Wednesday, July 18, 2007

Whew. I can finally breathe. Today was the first day since moving here that I've had the time to do what I came here to do—hangout and lay by the pool. With the bulk of my work done for the week, I've earned some much-needed time off.

But I'll only have this luxury for a couple of days, as now it's time to start condo shopping. And then more work due next week. There are many great things about freelancing—the fringe benefits, especially if you write about fashion and beauty, the ability to work from home and set your own hours. But the drawbacks outweigh the benefits, unless you are uber-successful and have several contracts with national magazines. Not me. I'm the freelancer who lives hand to mouth, waits two months after I've turned in stories to get paid even though I worked myself ragged. It's not an easy way to live, though on the flip side, I'm doing what I have always dreamed of doing—though I always dreamed it would be on a larger scale and in NYC.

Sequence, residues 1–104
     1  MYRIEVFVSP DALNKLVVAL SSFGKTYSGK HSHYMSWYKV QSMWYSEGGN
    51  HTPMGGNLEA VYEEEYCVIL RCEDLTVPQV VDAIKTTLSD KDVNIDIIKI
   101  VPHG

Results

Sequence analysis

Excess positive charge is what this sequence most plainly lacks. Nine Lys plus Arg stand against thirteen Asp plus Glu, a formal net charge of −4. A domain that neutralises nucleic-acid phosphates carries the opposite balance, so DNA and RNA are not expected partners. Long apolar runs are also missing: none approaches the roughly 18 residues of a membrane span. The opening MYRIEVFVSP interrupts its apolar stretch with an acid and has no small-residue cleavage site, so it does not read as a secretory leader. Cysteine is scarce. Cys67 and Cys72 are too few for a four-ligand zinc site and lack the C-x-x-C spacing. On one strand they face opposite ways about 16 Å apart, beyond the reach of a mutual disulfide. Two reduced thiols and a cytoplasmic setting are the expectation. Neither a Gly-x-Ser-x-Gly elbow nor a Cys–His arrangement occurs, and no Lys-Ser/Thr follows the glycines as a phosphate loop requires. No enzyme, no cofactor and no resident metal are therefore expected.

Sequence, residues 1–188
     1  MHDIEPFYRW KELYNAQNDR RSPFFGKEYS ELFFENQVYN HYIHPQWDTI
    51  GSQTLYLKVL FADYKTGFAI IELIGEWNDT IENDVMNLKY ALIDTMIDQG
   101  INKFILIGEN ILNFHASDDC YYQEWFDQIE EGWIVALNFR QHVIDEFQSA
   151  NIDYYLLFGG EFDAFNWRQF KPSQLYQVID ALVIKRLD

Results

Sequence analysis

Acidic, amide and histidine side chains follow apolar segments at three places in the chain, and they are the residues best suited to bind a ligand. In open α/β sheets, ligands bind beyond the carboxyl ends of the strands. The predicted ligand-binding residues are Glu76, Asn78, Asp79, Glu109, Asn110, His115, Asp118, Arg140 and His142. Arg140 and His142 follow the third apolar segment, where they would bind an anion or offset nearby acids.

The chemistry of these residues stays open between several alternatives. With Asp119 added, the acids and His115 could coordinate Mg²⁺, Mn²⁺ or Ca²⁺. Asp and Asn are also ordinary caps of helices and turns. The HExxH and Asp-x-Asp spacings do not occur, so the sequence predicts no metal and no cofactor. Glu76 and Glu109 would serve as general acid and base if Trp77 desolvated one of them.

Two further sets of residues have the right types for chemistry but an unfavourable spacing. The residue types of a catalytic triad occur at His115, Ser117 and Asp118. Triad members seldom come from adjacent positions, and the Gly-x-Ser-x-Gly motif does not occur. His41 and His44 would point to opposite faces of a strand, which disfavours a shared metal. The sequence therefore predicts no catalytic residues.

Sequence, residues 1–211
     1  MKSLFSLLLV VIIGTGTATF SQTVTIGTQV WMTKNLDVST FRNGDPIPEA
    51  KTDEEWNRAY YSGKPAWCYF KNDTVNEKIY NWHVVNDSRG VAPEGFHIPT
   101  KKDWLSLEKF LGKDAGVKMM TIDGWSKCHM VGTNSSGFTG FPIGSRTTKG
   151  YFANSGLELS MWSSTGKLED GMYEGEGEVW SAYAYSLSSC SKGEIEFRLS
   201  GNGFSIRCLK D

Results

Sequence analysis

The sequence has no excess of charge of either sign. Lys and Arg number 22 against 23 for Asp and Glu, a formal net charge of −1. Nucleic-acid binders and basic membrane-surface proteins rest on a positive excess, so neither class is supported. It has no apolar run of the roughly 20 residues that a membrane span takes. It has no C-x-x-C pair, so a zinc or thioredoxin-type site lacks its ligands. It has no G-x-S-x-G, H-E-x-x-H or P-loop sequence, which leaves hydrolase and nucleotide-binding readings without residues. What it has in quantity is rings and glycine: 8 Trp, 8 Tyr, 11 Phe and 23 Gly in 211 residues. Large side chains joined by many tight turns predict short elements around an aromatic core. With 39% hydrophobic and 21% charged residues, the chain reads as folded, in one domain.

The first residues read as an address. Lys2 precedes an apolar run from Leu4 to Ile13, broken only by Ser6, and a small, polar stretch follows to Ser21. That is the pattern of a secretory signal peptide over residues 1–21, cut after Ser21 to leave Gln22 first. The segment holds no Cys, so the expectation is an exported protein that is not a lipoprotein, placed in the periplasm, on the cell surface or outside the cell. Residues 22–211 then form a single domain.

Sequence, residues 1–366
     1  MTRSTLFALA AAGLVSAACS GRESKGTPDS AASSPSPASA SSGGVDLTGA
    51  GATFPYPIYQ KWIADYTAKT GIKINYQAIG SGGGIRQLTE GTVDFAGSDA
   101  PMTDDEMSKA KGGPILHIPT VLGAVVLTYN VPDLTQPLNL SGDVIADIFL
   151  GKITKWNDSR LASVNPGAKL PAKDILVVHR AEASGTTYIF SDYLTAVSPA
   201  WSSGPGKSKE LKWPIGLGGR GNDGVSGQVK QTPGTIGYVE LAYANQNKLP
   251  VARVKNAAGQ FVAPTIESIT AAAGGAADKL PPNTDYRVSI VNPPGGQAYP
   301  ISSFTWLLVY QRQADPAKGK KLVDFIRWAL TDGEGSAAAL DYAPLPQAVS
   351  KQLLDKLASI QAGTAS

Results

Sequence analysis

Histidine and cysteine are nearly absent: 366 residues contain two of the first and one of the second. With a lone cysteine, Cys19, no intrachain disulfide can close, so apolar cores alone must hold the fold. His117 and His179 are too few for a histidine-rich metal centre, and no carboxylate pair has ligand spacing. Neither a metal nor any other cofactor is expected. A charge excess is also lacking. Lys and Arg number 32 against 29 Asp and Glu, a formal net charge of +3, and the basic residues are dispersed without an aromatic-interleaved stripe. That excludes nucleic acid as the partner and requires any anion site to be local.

Okay, so maybe I'm not living the dream here. Maybe I'm just another underpaid, overqualified, struggling artist living hand-to-mouth and beyond her means. I am, it seems, average. This is like death for me. I was not bred to be average. My family and ancestors were far beyond average. I had all the trappings needed to overcome mediocrity. And yet here I am, the very definition of failure and mediocrity.

My high school yearbook quote was by Todd Oldham, who in 1993 was just hitting his stride. It went something like this: "I've never aspired to be in the middle of anything. I want to live my life in extremes."

My former shrink would likely say he is bipolar. But that's exactly the way I think. I think often, too often, about how hard I've worked over the past many years—I started publishing when I was 20 years old—wasting more than a year at NYU getting my master's in journalism, which was a totally useless endeavor, and the whole, traumatic, expensive book ordeal. These thoughts leave me empty, sad and feeling like a complete failure. Yes, I put too much pressure on myself. But, I am 31 years old and should be much further along in my career. Instead, I am a piecemeal freelancer, a housewife with no husband and addicted to accoutrements I simply can't afford.

People often ask themselves, "Where did I go wrong?" Well, I know exactly where I went wrong at every turn. Problem is, you can't go back. You can only move forward. And that's what I'm trying to do.